ATLANTA — Democrats elect themselves party animals this week, celebrating with events all over town. But far ahead in the running for the most touching celebration was Sunday night's reunion between one-time presidential candidate Gary Hart and about a dozen of his former top supporters.
Once upon a time, this was supposed to be Hart's convention.
But here he was--no reserved room, no catered event, none of the dozens of well-known Hollywood faces that once angled for a place close to him when he was the front-runner.
Hart stood near the entrance to Pompano's, an unofficial greeter. The restaurant in the Marriott Marquis, one of the major convention hotels, wasn't very busy, since those involved in convention business were at their individual state receptions or the massive Ted Turner Cable News Network party half-a-dozen blocks away.
Hart looked good--tan and somehow sturdier, filled-out like a football player ready for the season.
"It's been a hard year," he said.
He quickly added that friends had been extraordinary in their support. Media reports of his relationship with a model had put his campaign under. And a surprise re-entrance in the race last winter did little more than pique people's interest as a curiosity.
At the convention, Hart is writing a series for the Scripps-Howard newspapers, and doing a little commentary for Italian television.
But Sunday night there was no work, as he sat down for dinner with friends like Los Angeles Chief Deputy City Atty. John Emerson, Orange County developer David Stein, New York radio station owners Ellen and Peter Strauss, and Beverly Hills exec Rick Allen.
And across town, Democrats celebrated the victory of Michael Dukakis.
SOCIAL CRITIC--So what are you folks in California really missing? Are there great parties, like the ones spoiled Californians like to attend? Assembly Speaker Willie Brown (who gave a party for 20,000 people at the opening of the '84 convention) was asked what parties he was attending.
"Parties? Parties in Atlanta?" he asked quizzically. "I'm going to New York."
ON BOARD--Atlanta is a railroad town, even getting its name from the "zero mile post" where the Atlantic and Georgia Railroads meet. State delegations and special interest groups, wanting to set up parties during the convention, were advised that they could meet in a hotel room or an antebellum mansion or go for a two-hour ride on a historic train. At least 10 groups signed up for the train, including one hosted by former Atlanta Mayor Maynard Jackson at a party over the weekend.
It sounded like a great idea--but when the temperature hit 95 degrees with 41% humidity on Sunday, it was like the party train to hell.
Several hundred folks from Massachusetts found the train to be air-conditioned--but first had to stand for half an hour or so on the hot and steamy open-air platform.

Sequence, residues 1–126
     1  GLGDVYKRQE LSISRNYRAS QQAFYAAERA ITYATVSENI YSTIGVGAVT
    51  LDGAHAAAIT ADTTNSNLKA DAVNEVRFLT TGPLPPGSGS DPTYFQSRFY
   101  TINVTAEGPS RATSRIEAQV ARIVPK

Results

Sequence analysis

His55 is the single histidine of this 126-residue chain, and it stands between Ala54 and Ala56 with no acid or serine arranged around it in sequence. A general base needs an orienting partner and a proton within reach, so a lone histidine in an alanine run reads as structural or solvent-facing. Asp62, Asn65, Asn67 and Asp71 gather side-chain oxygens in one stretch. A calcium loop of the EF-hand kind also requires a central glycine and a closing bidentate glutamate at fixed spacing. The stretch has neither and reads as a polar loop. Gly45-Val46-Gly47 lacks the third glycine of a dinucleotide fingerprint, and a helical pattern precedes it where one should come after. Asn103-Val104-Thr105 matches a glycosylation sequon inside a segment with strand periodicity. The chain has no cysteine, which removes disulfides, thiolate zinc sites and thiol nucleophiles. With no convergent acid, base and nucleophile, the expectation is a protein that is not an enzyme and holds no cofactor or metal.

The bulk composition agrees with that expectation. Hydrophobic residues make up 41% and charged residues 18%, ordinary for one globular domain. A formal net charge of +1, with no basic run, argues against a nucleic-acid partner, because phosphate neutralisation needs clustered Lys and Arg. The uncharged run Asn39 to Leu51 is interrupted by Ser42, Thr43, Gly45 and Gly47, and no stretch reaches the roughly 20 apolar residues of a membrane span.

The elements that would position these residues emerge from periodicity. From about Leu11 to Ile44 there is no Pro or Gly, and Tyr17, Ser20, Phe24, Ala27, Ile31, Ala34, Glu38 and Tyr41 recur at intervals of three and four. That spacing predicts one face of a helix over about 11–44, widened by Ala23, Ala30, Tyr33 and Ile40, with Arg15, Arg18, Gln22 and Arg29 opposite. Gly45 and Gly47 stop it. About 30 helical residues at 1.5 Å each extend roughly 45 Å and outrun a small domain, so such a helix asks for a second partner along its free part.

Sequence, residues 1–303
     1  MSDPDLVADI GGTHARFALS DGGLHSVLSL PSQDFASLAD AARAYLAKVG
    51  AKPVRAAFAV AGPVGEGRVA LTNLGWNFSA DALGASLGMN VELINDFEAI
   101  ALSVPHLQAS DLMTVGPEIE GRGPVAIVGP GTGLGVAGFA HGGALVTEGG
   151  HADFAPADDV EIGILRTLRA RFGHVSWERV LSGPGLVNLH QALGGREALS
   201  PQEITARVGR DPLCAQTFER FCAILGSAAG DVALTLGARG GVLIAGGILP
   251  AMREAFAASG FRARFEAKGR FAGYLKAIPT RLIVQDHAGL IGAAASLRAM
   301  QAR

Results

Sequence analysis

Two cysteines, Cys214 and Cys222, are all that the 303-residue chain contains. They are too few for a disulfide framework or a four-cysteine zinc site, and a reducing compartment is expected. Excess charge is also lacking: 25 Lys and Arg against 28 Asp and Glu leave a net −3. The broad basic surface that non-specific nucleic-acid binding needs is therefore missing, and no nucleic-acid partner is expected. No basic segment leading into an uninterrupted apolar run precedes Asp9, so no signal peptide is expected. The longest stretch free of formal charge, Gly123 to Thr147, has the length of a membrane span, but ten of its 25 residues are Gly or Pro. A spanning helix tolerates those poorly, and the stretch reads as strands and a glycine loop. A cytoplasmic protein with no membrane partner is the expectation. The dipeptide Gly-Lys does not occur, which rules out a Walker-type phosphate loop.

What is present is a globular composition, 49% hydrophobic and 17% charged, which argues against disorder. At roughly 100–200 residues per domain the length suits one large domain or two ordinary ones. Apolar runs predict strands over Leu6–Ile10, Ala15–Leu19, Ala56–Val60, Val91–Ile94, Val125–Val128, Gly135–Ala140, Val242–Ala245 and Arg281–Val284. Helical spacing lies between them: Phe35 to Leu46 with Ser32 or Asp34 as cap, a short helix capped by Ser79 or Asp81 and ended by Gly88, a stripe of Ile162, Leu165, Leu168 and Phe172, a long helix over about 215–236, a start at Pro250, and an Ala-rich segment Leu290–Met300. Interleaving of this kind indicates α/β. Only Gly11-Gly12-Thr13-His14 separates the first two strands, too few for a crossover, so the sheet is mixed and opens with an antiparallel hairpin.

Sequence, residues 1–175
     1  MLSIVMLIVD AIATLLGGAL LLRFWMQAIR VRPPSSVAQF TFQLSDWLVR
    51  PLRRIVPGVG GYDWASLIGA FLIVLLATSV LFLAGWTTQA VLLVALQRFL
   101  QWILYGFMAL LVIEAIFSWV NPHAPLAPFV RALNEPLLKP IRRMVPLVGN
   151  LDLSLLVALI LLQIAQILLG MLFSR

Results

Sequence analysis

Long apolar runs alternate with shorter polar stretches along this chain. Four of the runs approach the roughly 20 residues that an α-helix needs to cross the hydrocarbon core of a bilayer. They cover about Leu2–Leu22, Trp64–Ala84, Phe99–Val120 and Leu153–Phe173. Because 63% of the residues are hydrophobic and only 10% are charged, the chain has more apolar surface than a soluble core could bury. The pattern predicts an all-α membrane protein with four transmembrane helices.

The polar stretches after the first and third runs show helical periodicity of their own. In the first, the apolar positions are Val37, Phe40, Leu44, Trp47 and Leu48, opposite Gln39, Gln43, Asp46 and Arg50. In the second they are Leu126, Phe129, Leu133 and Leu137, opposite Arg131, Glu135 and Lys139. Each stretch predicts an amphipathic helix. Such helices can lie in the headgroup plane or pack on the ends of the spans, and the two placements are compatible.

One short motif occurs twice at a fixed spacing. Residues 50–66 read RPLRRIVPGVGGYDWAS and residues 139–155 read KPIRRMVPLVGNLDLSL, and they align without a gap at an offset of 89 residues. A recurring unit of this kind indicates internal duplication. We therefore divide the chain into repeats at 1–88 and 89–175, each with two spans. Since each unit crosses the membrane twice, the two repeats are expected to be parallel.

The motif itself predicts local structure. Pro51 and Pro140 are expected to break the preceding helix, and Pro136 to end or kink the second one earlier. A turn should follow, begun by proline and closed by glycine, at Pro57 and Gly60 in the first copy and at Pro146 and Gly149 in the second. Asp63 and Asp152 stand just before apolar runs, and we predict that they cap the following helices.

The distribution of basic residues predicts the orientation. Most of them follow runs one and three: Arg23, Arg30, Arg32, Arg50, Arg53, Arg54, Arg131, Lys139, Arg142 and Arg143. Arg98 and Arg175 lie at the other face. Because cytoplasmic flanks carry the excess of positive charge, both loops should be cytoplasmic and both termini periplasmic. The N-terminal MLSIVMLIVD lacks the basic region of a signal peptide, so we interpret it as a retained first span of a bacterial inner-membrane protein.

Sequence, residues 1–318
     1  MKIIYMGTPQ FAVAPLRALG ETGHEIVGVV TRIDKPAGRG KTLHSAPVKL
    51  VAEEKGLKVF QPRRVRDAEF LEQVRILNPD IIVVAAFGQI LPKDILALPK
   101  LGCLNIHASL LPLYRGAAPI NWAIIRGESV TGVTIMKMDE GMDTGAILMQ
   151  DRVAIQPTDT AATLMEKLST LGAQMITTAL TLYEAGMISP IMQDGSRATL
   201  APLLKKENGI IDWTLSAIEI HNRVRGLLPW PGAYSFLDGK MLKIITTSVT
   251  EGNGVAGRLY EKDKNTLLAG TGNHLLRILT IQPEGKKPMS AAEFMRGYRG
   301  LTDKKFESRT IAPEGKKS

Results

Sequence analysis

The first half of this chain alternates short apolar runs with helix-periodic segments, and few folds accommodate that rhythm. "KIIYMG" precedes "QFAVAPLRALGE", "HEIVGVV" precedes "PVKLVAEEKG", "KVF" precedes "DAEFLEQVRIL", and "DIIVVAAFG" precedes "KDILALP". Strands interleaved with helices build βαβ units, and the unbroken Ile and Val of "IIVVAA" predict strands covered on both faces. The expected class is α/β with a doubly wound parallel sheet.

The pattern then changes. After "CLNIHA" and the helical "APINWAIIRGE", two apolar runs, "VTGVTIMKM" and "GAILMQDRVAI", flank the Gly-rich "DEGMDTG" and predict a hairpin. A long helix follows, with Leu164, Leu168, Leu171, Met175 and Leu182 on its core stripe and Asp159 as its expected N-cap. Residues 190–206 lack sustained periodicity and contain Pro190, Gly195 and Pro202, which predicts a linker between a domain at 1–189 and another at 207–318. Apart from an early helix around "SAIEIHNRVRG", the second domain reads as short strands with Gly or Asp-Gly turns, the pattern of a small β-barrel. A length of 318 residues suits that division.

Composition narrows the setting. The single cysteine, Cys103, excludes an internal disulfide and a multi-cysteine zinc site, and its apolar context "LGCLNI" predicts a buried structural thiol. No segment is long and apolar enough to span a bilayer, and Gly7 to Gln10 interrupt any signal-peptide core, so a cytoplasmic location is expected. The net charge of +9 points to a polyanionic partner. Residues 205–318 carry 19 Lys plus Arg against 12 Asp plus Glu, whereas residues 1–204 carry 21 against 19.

And when they piled aboard, what did they find? A train. Just like the train that takes commuters between Boston and Rhode Island, or sometimes to Trenton. An old train. A couple of "classic cars," but mostly just a train that after two hours brings you back to where you started.
The one sight announced by the conductor: "Ladies and gentleman, on your right, the Centers for Disease Control."
POLITICAL PEOPLE--Former People for the American Way president Tony Podesta heads west from Washington to head up the Dukakis campaign in California. Meanwhile, today the group holds an "issues training session" for young stars.
BEST IN THE EAST--Political junkies are also food fanatics--especially when the eats are free. Partygoers claimed that the "peachy back room" at the Atlanta Journal party Sunday (featuring just about everything peaches could be made into) was a gourmet delight. . . . Political consultant James ("Raging Cajun") Carvell said the beef served at the American Israel Public Affairs Committee (honoring a host of U.S. senators) was "the single-best food anywhere." . . . Roz Wyman, who chaired the 1984 Democratic Convention (and kept complaining that she was too busy to enjoy the events) announced to San Francisco Rep. Nancy Pelosi that, "It's easier running a convention than going to all these parties."
MORE CONVENTION ASIDES--Backstage at the Turner party: CBS Chairman Larry Tisch, Pamela Harriman, Jimmy and Rosalynn Carter and a couple of dozen other brand-names meeting with the potential First and Second couples before their appearances on stage Sunday night. Turner turned to Falcon Communications' Marc Nathanson, saying, "Cable has really arrived. Think where CNN was four years ago, and look at this now." When Turner planned the party, he apparently had no idea that Kitty and Michael Dukakis, along with Lloyd and B. A. Bentsen, would be part of the evening.